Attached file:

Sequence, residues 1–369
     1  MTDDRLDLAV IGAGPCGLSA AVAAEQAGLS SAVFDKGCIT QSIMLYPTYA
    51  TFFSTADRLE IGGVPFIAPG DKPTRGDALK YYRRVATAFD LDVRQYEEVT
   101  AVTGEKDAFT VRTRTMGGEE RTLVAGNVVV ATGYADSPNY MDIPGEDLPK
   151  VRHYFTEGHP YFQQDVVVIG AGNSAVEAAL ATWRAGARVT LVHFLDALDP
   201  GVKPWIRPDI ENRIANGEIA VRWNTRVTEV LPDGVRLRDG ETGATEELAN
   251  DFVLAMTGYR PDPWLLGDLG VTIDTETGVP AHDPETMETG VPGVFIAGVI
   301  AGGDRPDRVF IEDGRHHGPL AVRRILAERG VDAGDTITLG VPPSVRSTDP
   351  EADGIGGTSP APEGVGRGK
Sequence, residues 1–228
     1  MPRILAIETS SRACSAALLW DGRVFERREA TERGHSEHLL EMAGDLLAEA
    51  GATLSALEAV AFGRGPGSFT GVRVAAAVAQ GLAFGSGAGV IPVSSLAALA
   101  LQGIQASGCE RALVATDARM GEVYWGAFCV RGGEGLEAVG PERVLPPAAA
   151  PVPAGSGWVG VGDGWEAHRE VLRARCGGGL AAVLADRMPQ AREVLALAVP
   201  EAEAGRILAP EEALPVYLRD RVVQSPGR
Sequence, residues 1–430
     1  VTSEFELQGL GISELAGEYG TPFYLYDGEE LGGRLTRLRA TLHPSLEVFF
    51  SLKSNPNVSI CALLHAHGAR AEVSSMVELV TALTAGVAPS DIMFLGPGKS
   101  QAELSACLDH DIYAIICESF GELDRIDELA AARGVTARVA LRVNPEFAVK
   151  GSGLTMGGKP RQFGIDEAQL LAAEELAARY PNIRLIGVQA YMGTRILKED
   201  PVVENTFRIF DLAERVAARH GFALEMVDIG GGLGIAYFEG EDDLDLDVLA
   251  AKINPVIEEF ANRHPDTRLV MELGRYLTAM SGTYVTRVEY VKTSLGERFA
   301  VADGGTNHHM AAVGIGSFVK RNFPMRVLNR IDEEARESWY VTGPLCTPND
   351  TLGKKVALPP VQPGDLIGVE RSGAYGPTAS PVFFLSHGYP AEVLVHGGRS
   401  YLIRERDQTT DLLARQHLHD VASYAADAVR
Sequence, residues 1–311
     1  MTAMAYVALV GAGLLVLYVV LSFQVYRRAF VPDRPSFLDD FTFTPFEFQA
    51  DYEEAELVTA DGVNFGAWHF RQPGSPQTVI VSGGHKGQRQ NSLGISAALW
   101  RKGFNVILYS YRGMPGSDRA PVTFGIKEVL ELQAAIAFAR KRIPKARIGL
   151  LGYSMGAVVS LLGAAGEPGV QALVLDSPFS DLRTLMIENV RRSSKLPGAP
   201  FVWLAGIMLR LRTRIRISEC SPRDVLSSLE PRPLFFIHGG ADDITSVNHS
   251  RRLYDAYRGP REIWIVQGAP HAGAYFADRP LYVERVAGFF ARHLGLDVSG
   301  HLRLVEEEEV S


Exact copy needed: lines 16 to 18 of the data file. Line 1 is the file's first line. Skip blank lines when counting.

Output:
Sequence, residues 1–430
     1  VTSEFELQGL GISELAGEYG TPFYLYDGEE LGGRLTRLRA TLHPSLEVFF
    51  SLKSNPNVSI CALLHAHGAR AEVSSMVELV TALTAGVAPS DIMFLGPGKS